For my presentation today I’m going to hand out the draft of the paper I just had accepted to Hypertext ’05, about feral hypertext (yay!), but instead of discussing it directly I’m going to demonstrate the technology, which is I think less familiar to most of the world than to us bloggers.

My basic premise in the paper is that hypertext was developed as an intimate tool — Bush calls the memex “enlarged intimate supplement to his memory”, and although hypertext systems were developed on mainframes at first, researchers constantly discussed it in terms of individual usage. So hypertext was developed for personal, domestic use. Research on hypertext before the web stresses individual users and controlled authoring. Other methods of control included typed links (that is marking a link to a supporting argument as “supporting” and one to a definition as “definition”) and today the semantic web. The thing is, with the web hypertext has returned to the wild. It’s gone feral and we no longer have that kind of control over it. That is turning out to be pretty damn cool.

So today I’ll demonstrate how blogs work (Blogger.com, and how I post to my blog) and then how RSS works and how you can ping a category or use Technorati. I’ll show Wikipedia and the history function, and how easy it is to edit a page. And then Flickr (open API), to explain tags and folksonomies and how patterns emerge rather than being preauthored. Del.icio.us and CiteULike are logical next steps, followed by Technorati tags bringing it all together.

Standard procedure, really, hopefully jammed into 20 minutes, and hopefully illustrated in a way that experts on XML and metadata who are used to editing and authoring (rather than supporting the emergence of) digital critical editions can find things that will be useful to them. And hopefully I’ll be able to put some of the ideas in my paper out there.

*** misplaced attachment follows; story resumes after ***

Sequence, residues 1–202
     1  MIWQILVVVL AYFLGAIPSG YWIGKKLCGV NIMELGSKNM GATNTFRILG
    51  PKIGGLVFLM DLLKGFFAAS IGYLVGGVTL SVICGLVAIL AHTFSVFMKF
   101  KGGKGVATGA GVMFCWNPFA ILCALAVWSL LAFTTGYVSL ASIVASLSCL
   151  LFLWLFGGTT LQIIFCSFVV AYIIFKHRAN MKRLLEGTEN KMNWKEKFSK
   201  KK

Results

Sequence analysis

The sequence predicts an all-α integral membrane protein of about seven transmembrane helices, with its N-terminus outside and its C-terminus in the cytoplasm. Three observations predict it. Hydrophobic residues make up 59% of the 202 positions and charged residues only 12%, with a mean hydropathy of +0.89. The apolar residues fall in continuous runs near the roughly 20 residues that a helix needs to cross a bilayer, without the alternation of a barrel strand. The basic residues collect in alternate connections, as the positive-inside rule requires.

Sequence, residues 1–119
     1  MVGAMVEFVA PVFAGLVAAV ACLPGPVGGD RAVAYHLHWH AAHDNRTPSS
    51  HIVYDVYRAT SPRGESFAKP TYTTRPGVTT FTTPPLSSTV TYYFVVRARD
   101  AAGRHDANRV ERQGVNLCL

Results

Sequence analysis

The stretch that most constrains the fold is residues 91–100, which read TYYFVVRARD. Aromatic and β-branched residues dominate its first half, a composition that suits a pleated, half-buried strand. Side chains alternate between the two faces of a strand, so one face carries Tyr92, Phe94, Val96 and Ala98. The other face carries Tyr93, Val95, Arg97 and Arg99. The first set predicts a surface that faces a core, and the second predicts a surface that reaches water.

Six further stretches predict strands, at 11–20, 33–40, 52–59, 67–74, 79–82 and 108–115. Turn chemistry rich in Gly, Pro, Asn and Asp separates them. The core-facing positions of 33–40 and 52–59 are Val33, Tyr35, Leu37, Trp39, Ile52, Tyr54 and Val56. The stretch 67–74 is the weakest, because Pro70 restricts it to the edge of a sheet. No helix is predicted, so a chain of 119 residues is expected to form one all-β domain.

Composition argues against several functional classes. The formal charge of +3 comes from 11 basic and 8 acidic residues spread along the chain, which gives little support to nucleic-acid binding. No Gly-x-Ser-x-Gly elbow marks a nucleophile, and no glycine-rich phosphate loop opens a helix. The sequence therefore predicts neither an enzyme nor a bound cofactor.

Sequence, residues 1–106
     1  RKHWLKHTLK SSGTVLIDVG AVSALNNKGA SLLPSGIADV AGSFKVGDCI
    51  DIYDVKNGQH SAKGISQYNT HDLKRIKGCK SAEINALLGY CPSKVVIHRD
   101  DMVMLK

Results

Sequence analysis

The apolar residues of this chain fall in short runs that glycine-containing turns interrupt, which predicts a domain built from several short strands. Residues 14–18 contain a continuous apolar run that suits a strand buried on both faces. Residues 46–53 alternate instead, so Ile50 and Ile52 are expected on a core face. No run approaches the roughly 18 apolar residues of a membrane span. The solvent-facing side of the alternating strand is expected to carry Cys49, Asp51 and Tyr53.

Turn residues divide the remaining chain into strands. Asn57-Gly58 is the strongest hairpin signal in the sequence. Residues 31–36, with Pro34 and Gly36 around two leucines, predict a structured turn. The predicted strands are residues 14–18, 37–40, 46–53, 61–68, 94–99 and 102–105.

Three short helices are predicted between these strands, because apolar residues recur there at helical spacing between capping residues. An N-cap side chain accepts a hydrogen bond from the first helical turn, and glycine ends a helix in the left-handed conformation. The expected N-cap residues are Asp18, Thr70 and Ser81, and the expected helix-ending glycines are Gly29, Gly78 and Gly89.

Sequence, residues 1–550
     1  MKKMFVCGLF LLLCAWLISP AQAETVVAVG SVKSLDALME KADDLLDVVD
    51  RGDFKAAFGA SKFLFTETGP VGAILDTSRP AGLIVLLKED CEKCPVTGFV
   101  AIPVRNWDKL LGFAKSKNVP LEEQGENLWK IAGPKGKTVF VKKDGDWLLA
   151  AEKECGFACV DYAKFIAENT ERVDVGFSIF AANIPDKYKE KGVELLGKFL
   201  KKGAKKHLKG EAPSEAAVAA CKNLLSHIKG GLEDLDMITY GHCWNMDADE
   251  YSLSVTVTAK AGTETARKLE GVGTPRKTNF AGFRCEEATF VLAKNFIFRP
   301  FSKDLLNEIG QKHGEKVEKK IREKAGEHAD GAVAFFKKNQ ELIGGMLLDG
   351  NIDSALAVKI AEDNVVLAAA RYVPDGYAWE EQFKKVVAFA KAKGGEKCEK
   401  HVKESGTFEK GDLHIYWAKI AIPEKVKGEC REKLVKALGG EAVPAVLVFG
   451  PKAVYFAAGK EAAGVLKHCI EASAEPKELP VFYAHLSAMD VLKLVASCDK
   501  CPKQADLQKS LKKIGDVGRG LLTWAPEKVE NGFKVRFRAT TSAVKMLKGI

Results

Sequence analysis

2 thoughts on “my talk for the digital text seminar today

  1. Jill

    That didn’t work very well at all. It’s both too complicated and too shallow this way. Gotta figure out a completely different approach. Oh dear.

  2. Christian Mogensen

    Have you looked at Jon Udell’s screencasts as a possible way to cram this much info into a mere twenty minutes? Screencasts are narrated presentations of software interactions, preferably telling some sort of story or explanation.

    http://weblog.infoworld.com/udell/2005/02/21.html#a1182

    A good and particularly relevant example of a screencast:
    http://weblog.infoworld.com/udell/gems/delicious.html

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